64% of FDC antibiotics in India are unapproved, report reveals

pharmafile | February 5, 2018 | News story | Manufacturing and Production, Sales and Marketing Antibiotics, India, antimicrobial resistance, pharma 

The majority of fixed dose combination (FDC) antibiotics that are made and sold in India are still unapproved, despite promises by multinational pharmaceutical firms to fight the growing threat of antimicrobial resistance worldwide, a study by researchers at Queen Mary University of London and Newcastle University has revealed.

There were 118 different formulations of FDCs sold in the country between 2007 and 2012, compared to just five in the US and UK. Of this number, 64% were found to not have been given approval by India’s Central Drugs Standard Control Organisation – despite the fact that approval is required to legally market medicines in the country. Even more telling, just 4% were approved in the US or UK.

However, by comparison, 93% of single dose formulation antibiotics did have marketing approval.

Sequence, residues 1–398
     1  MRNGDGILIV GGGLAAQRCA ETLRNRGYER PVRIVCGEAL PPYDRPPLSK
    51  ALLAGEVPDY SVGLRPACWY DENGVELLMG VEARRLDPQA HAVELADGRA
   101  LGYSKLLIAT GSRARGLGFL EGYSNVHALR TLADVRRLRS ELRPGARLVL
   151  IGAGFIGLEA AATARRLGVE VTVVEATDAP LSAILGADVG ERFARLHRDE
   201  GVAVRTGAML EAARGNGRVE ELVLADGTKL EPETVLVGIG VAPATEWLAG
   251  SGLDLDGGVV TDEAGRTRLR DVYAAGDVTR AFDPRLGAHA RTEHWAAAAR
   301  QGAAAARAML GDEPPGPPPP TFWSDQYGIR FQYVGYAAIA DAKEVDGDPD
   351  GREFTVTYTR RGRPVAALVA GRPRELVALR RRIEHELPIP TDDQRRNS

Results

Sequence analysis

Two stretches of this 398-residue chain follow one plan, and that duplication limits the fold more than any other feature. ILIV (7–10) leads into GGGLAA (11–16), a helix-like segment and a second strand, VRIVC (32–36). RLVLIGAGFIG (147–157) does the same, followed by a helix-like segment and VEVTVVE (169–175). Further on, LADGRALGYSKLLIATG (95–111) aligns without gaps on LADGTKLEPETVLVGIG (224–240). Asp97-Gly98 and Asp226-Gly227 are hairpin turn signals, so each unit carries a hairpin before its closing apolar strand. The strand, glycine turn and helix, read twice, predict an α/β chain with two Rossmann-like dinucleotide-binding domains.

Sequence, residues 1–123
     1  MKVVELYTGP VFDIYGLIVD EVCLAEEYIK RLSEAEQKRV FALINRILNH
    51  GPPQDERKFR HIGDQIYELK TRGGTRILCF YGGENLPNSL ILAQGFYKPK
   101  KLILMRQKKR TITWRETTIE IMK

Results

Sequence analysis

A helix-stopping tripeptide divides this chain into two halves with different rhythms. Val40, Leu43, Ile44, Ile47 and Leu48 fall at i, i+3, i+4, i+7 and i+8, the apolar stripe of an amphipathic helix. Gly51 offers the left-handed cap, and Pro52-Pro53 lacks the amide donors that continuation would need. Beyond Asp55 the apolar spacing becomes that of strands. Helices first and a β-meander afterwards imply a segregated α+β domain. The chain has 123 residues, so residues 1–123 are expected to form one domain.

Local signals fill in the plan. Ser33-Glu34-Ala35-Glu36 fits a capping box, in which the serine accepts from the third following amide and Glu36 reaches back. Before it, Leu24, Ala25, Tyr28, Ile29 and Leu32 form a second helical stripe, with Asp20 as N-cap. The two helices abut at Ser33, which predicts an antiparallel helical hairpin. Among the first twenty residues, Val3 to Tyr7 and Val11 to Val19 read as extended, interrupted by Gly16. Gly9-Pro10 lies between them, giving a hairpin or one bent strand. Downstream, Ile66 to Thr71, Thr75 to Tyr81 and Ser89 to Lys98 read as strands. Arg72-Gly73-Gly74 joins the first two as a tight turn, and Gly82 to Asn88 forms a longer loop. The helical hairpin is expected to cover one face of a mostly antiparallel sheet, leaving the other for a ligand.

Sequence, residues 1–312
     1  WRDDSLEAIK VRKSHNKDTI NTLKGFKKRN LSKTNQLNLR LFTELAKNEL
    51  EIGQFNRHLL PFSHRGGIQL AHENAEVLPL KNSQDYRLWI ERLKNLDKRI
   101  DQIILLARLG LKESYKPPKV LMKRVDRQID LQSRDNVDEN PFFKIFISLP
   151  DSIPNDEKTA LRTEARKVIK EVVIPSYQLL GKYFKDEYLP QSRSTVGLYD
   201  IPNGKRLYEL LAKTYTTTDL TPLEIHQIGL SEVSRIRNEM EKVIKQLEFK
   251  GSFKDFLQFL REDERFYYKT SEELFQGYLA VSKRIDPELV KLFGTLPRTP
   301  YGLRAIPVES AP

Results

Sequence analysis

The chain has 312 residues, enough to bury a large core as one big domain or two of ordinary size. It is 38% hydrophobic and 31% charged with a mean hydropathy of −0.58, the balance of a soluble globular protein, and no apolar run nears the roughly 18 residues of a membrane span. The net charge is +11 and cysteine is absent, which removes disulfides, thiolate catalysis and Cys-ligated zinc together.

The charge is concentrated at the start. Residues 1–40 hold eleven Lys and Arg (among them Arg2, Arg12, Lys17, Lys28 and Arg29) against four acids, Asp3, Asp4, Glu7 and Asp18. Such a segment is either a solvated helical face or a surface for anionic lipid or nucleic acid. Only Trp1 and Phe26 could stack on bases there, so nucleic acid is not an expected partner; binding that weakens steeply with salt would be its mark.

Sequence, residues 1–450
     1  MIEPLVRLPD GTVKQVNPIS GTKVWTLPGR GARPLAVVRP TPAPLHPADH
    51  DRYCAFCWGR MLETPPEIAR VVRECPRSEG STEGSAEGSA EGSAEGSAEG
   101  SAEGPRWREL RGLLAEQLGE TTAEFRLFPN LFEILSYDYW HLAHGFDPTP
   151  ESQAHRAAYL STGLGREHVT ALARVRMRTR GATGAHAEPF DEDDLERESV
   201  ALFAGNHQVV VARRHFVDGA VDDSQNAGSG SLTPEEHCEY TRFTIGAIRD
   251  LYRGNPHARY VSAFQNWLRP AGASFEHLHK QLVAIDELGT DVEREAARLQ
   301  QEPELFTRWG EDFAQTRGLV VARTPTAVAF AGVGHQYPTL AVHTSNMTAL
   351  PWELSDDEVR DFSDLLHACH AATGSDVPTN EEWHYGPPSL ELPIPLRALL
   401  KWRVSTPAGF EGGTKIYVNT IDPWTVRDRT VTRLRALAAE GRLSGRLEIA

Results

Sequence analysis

From these 118 FDC formulations came 3,307 branded products from 476 different manufacturers, including multinational firms GSK, Eli Lilly, Bayer, AstraZeneca, MSD, Novartis, Pfizer, Sanofi, Abbott Baxter and Wyeth, who made 53 of the formulations. Of this total, 20 were unapproved in India, while only four were approved for sale in the US and UK.

India has among the highest rates of antibiotic usage and antimicrobial resistance in the world.

“Selling unapproved, unscrutinised antibiotics undermines measures in India to control antimicrobial resistance,” said lead author Dr Patricia McGettigan, of Queen Mary University of London. “Multinational companies should explain the sale of products in India that did not have the approval of their own national regulators and, in many cases, did not even have the approval of the Indian regulator.”

Senior author Allyson Pollock, of the Institute of Health and Society at Newcastle University, added: “Limiting antimicrobial resistance is a strategic goal of the WHO and countries worldwide. Governments and regulators must take all necessary steps to prevent the production and sale of illegal and unapproved medicines and scrutinise the actions of multinational companies.”

Matt Fellows

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